NICOLAS CLAUSS

PEOPLEText: Sarah Boisson

In 2004, while I was preparing my dissertation on digital art, I came across Nicolas Clauss’ website. I immediately fell in love with his work so I dared to contact him to tell him. I guess it was a bit crazy but this is how our friendship began.

Since then, we’ve been in touch now and then and now I feel the need to share his work. I interviewed him for the pleasure of Shift’s readers.


Portrait of Nicolas Clauss © Nicolas Clauss

The work “De l’Art si je veux” (Art if I want) is the first project I discovered from Nicolas Clauss. However, this thirty-something has actually been painting since he was fifteen. Not very well orientated in his studies, he started a degree in sociology which he admitted has given him a wider sense of connecting with people and a better way to be curious about his contemporaries. His degree complete, he then went travelling for a few years to Australia, India, and Korea. While he was away, he drew a lot. “I wanted to make a living out of my art and was encouraged by the possibilities offered by the Internet. I recalled using the very first computer, the MO5, in the eighties. The memory of this pushed me to bind with computers and use them for my creativity.”

After a few years’ of hard work and training on computer art, he met Jean-Jacques Birge for the project “Le Ciel est Bleu” (The Sky is Blue) in 2000 at the Forum des Images.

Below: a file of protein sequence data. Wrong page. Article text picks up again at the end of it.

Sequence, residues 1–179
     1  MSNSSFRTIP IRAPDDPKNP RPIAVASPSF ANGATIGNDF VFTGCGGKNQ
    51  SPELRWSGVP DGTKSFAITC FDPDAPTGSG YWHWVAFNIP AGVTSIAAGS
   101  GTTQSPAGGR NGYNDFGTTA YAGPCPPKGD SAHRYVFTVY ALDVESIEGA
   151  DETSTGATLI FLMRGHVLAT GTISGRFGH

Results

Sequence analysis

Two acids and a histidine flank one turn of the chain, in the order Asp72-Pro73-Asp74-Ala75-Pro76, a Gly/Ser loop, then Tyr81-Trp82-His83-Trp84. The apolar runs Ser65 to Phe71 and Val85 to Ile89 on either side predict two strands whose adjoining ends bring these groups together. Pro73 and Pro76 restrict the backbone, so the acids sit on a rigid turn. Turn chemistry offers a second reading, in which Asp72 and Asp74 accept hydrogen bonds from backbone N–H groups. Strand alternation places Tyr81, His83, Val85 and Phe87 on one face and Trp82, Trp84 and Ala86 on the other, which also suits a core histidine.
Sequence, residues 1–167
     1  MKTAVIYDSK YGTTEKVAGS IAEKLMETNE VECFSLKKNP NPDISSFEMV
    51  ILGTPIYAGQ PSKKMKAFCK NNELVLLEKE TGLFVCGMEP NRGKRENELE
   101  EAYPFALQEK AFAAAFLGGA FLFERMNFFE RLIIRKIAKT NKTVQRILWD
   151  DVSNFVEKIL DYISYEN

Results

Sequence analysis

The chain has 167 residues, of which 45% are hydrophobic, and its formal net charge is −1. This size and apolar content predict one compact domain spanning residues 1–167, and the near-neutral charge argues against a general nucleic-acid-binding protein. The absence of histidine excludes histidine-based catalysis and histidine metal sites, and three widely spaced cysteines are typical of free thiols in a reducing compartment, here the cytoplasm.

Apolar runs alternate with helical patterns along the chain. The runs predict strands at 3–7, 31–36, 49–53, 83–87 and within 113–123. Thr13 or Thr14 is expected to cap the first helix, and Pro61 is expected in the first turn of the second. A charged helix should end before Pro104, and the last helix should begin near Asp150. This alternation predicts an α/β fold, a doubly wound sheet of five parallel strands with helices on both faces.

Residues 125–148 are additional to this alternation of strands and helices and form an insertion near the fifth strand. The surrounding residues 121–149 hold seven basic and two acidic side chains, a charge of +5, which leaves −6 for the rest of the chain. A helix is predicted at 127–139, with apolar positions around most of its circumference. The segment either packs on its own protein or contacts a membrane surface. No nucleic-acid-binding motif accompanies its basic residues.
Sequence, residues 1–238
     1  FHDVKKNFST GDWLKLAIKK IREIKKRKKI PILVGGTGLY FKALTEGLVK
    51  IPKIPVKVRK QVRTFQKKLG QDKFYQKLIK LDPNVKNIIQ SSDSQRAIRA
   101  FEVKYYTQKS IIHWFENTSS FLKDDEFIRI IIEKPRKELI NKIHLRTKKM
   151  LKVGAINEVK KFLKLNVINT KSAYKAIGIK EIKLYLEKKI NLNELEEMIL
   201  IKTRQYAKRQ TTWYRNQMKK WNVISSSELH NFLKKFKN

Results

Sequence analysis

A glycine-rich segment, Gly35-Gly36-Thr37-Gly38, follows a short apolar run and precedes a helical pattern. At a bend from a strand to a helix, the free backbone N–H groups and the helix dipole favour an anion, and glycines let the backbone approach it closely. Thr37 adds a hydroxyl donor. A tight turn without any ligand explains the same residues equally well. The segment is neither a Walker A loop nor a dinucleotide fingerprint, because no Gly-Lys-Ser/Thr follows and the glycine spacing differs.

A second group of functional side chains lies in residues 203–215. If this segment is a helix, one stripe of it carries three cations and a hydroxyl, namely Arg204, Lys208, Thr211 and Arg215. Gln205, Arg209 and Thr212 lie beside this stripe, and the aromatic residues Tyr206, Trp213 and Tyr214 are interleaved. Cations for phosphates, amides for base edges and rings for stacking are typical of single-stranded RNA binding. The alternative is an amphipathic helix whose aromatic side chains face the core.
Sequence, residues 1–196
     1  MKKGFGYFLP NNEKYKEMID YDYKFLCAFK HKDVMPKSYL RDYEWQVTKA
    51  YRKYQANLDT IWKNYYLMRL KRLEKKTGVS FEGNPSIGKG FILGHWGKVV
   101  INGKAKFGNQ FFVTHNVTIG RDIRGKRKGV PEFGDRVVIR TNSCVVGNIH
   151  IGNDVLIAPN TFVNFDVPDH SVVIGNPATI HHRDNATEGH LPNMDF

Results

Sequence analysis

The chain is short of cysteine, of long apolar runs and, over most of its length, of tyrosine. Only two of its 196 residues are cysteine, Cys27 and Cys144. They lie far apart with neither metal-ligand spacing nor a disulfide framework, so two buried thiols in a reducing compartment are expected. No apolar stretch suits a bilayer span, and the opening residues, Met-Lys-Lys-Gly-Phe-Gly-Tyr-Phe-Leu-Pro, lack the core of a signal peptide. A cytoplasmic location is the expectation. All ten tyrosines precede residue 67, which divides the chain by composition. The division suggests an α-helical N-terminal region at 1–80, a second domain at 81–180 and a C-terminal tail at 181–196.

Le Ciel est Bleu © Nicolas Clauss

“After this exhibition we worked together on a few projects, especially on “De l’Art si je Veux” (Art if I want). The, “De l’Art si je veux” is the work which touches me the most.


De l’Art si je veux © Nicolas Clauss

“I’ve been contacted by the city of Le Mans (1 hour south of Paris) to work with five kids, aged 10-15, to create a digital series of paintings in which they would show their interpretation of modern and contemporary artists such as Arman, Francis Bacon, Ben, Christian Boltanski, Maurizio Cattelan, Jake et Dinos Chapman, Marcel Duchamp, Edvard Munch et Daniel Spoerri”. And this is exactly what Nicolas Clauss is sharing with his art; this mix of social and art, the generosity and patience to give people access to art who would usually find it inaccessible. All this is achieved using the Web as his main tool.

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